Grazing livestock and horses can help regenerate our soils and forages if managed in a way that protects from overgrazing. Overgrazing occurs when our livestock graze for too long in one area. The desired forages eventually die-off from continued defoliation and weeds take advantage of overgrazed areas, becoming infestations and reducing palatable forages even further.

Strategies to limit overgrazing are to fence a “sacrifice area” and utilize temporary fencing. A sacrifice area is an area with shelter and water that is a comfortable size for livestock and horses to move around and spend much of their time. Pastures can be subdivided using temporary/movable fencing so that YOU control where and when your livestock graze. Pastures are grazed for a short time, protecting grasses by always maintaining at least a 3-inch stubble. When pasture grasses are 3-inches or shorter, it’s time to move livestock to the sacrifice area to let the grass regrow. The sacrifice area is also used in the winter when grasses are not actively growing.

Manure is a valuable resource and adds organic matter and nutrients to our soils. But manure can also become a water pollutant. Store manure at least 150 feet away from wells, ditches, dry washes, lakes and streams, to protect water quality. As water runs through manure, it carries with it nitrogen and other nutrients from the manure that will pollute aboveground and underground water. Excess nutrients in our water can cause human and livestock health issues and are what causes the algae blooms and fish kills we hear about on the news.

Regenerative farming and carbon sequestration are words you may have heard recently. They have to do with building soil health and protecting air quality. Land managers play an important role in reducing atmospheric carbon dioxide, a greenhouses gas. Carbon sequestration is the process by which atmospheric carbon dioxide is taken up by grasses, trees, and plants through photosynthesis, and stored as carbon in soils, roots, branches, and foliage. Carbon sequestration offsets carbon dioxide emissions from sources such as burning fossil fuels and forest fires.

Tilling, burning, and tearing up the soil releases stored carbon and increases particulate matter (inhalable particles such as dust and smoke) into the air. We can protect soil health and air quality by planting cover crops on bare ground and/or establishing perennial vegetation. These are some of the strategies we use to regenerate the soil as in regenerative farming.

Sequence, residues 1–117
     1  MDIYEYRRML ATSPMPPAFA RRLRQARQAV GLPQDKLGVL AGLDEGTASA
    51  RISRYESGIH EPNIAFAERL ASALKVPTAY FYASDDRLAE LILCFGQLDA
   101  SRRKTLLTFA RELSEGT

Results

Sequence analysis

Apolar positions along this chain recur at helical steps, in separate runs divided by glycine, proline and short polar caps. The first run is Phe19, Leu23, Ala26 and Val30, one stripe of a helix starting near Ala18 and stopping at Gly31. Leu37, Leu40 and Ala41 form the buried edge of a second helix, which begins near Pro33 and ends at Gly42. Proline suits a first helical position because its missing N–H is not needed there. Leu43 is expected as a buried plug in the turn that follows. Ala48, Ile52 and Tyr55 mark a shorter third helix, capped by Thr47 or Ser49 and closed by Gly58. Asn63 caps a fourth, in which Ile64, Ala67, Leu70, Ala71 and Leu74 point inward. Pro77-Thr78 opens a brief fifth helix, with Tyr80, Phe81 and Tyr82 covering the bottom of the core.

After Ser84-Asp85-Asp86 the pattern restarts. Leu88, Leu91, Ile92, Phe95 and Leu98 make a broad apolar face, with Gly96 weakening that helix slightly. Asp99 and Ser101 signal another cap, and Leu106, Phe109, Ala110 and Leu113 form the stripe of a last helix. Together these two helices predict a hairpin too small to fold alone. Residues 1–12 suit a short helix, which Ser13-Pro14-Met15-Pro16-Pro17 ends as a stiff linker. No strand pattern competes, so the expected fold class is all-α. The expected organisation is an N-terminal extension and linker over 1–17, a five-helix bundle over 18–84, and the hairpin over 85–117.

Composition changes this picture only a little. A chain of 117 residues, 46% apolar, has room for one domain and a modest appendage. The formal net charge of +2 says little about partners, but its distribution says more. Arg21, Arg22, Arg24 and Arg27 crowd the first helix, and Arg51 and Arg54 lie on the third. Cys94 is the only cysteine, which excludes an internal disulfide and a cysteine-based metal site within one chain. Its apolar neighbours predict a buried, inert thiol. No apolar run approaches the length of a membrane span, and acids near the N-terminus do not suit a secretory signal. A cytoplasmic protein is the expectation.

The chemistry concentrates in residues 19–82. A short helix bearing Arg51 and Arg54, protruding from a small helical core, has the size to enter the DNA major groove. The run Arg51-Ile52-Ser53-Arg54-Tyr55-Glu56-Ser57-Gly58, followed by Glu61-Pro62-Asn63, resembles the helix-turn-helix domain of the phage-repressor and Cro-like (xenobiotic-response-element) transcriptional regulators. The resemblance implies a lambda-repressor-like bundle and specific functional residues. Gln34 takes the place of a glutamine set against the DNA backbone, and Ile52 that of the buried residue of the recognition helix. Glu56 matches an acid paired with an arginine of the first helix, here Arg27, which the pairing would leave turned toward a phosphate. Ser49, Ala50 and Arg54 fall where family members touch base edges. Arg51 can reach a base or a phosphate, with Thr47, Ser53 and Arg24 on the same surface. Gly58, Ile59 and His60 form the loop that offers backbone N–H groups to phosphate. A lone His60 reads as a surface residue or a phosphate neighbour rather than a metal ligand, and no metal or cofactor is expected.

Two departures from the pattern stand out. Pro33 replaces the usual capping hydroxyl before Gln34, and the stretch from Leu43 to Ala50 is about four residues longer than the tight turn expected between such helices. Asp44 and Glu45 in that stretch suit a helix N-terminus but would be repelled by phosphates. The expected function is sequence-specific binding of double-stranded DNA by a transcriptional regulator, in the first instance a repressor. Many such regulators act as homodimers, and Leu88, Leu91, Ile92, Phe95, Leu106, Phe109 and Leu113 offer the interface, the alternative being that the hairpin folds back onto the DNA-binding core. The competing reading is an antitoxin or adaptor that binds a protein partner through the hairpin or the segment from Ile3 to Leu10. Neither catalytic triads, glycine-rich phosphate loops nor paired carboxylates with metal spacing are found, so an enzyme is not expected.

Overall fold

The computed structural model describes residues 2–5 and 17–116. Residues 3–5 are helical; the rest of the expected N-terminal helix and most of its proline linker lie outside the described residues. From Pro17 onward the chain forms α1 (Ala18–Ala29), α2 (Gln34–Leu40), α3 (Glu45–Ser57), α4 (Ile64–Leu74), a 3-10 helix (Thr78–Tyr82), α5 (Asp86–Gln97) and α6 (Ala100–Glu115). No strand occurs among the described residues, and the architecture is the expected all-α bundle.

An easy way to learn more is through CSU Online non-credit Land Stewardship badge program, developed in partnership between CSU Online and CSU Extension. Take one or more of the online self-paced short courses. The target audience includes: small acreage land owners, farm or livestock managers, urban/rural hobby farmers, realtors and listing agents.

Participants will gain a better understanding of the available natural resources, how to cultivate them sustainably, and build an effective long-term land management plan. The Land Stewardship Program, developed for the Colorado-arid west soil and climatic conditions, provides the learner with more localized land strategies.

Online courses are open and available for registration. To register, please visit the link to the course below:

Learn more about the Land Stewardship Program.

CSU Extension’s Small Acreage Management website is also a great place to find recorded webinars, videos, and articles on managing your land at CSU Extension’s Small Acreage Management.

Weld County, Colorado Master Gardeners

Flower garden with watering pot Weld County Colorado Master Gardeners are operating a Remote Garden Help Desk to help you with your gardening questions during this time. If you would like to submit your lawn, tree or gardening question, please send an email to weldmastergardeners@outlook.com

For more information visit the Weld County Colorado Master Gardeners.